[MARRIOTT, Sir James]. ~ Poems written chiefly at the University of Cambridge; together with an Oration upon the History and Genius of the Roman and Canon Laws, with a Comparison of the Laws of England, spoken in the Chapel at Trinity-Hall, Cambridge, December 21, 1756. [Half-title:] Printed by James Bettenham, [London] 1760.
8vo (233 × 142 mm), pp. , viii, viii, , 156; with an engraved frontispiece by Walker after Marriott and 6 further engraved vignettes in the text, five after Marriott; title printed in red and black; a fine copy, printed on thick paper, in contemporary mottled calf, spine gilt, morocco label; lightly rubbed only, short crack to upper joint at head.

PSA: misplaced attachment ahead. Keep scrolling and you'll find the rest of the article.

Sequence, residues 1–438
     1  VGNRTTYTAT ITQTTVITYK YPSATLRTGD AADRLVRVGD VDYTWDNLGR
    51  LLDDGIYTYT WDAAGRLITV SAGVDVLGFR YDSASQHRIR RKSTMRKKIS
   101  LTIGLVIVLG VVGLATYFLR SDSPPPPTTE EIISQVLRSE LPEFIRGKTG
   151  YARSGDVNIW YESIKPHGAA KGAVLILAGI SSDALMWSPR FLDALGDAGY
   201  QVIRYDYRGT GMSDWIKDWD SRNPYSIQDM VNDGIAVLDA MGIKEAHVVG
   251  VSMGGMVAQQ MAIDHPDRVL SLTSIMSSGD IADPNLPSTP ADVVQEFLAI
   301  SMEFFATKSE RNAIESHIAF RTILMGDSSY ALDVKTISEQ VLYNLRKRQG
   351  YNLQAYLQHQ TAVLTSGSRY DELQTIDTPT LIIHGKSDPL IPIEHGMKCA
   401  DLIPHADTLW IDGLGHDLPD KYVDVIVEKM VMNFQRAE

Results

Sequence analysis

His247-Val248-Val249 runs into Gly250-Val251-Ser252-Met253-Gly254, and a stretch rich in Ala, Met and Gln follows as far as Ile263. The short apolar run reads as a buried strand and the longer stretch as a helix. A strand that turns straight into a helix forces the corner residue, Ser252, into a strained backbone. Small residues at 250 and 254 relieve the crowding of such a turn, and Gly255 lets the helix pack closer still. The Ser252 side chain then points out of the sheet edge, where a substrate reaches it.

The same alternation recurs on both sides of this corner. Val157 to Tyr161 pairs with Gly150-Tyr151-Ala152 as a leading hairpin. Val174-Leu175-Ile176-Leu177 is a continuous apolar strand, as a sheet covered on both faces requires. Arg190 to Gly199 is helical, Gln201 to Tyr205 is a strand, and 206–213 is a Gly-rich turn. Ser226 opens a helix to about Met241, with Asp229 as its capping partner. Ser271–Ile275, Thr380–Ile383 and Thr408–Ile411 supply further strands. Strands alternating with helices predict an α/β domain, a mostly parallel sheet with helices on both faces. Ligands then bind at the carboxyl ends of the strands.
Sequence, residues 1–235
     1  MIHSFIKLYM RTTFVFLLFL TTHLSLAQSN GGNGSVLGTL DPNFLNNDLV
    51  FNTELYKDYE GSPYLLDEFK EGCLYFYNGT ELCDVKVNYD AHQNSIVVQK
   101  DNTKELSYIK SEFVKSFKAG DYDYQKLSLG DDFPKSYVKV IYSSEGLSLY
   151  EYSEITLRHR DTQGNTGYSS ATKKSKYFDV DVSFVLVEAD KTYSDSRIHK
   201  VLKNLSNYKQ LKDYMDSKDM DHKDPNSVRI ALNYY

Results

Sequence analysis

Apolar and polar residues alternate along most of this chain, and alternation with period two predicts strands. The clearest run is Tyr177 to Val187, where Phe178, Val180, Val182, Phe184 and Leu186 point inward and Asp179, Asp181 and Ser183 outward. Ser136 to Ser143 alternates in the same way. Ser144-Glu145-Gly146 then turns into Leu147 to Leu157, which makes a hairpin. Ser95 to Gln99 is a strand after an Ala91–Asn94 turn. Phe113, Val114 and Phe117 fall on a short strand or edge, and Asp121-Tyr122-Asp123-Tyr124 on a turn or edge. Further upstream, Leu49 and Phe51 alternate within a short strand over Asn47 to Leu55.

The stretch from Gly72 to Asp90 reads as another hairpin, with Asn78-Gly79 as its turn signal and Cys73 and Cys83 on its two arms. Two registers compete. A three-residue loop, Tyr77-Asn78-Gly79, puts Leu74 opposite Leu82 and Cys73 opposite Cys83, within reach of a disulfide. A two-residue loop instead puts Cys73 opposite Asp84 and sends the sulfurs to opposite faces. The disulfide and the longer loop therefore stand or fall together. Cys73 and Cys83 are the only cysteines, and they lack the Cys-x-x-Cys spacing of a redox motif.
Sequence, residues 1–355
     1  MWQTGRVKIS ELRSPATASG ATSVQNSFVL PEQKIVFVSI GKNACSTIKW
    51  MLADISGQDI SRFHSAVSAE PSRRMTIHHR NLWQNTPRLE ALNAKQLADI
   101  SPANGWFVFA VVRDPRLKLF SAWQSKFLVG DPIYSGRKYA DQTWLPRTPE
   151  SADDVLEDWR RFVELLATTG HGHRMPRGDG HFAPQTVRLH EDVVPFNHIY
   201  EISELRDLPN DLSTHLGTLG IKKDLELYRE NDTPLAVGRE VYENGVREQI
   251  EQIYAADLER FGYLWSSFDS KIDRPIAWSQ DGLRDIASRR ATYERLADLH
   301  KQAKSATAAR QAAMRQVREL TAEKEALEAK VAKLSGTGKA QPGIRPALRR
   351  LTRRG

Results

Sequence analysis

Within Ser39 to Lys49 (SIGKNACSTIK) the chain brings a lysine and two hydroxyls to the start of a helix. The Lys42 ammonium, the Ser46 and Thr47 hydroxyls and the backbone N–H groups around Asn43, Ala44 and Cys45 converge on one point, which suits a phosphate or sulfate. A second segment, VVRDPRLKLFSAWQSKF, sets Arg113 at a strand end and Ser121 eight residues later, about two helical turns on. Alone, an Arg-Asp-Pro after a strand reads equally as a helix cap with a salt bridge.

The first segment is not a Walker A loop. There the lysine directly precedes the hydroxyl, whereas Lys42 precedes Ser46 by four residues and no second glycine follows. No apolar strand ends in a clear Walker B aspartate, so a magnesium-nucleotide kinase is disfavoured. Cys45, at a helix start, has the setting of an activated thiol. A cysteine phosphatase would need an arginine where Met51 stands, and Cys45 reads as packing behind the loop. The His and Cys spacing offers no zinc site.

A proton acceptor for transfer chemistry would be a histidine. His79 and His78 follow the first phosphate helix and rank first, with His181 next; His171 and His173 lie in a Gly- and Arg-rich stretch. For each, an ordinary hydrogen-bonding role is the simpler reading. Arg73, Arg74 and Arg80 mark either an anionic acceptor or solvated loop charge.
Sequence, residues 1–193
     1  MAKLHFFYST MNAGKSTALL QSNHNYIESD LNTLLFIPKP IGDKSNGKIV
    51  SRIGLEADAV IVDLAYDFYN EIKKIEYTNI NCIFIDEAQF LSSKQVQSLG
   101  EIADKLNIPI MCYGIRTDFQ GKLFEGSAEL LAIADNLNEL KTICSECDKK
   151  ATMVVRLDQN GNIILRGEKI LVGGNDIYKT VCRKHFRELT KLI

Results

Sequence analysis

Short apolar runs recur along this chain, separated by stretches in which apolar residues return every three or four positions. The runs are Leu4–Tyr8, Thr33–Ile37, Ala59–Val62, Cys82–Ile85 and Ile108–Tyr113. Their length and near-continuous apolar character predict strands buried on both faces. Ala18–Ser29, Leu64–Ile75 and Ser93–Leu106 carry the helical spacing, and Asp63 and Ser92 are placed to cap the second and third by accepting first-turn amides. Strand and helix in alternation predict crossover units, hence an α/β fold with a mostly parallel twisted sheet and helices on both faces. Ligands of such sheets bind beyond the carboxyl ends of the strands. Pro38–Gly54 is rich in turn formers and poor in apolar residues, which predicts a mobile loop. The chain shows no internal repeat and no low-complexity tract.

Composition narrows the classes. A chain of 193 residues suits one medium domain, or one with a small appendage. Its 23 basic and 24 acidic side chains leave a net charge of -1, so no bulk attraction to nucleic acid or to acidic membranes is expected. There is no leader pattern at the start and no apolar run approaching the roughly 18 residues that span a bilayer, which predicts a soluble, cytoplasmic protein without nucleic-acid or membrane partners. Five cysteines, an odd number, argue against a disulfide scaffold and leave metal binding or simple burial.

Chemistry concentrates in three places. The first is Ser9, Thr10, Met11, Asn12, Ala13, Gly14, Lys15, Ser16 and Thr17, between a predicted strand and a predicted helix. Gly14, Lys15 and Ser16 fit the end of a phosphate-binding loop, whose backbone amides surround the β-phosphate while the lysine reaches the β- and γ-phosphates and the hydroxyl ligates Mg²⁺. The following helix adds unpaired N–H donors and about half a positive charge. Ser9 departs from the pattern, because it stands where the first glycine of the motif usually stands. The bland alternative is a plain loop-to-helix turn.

First edition, with a long dedicatory poem to Queen Charlotte. The collection comprises both original compositions and translations (from Horace, Petrarch, Frederick the Great), with the original texts printed facing the English. Marriott (1730–1803), an ‘insatiable suitor for patronage’ (Oxford DNB), later became Master of Trinity Hall, King’s Advocate, Vice-Chancellor of Cambridge, and MP for Sudbury. In the year of this publication he made an ill-fated attempt to woo the future Mrs Thrale.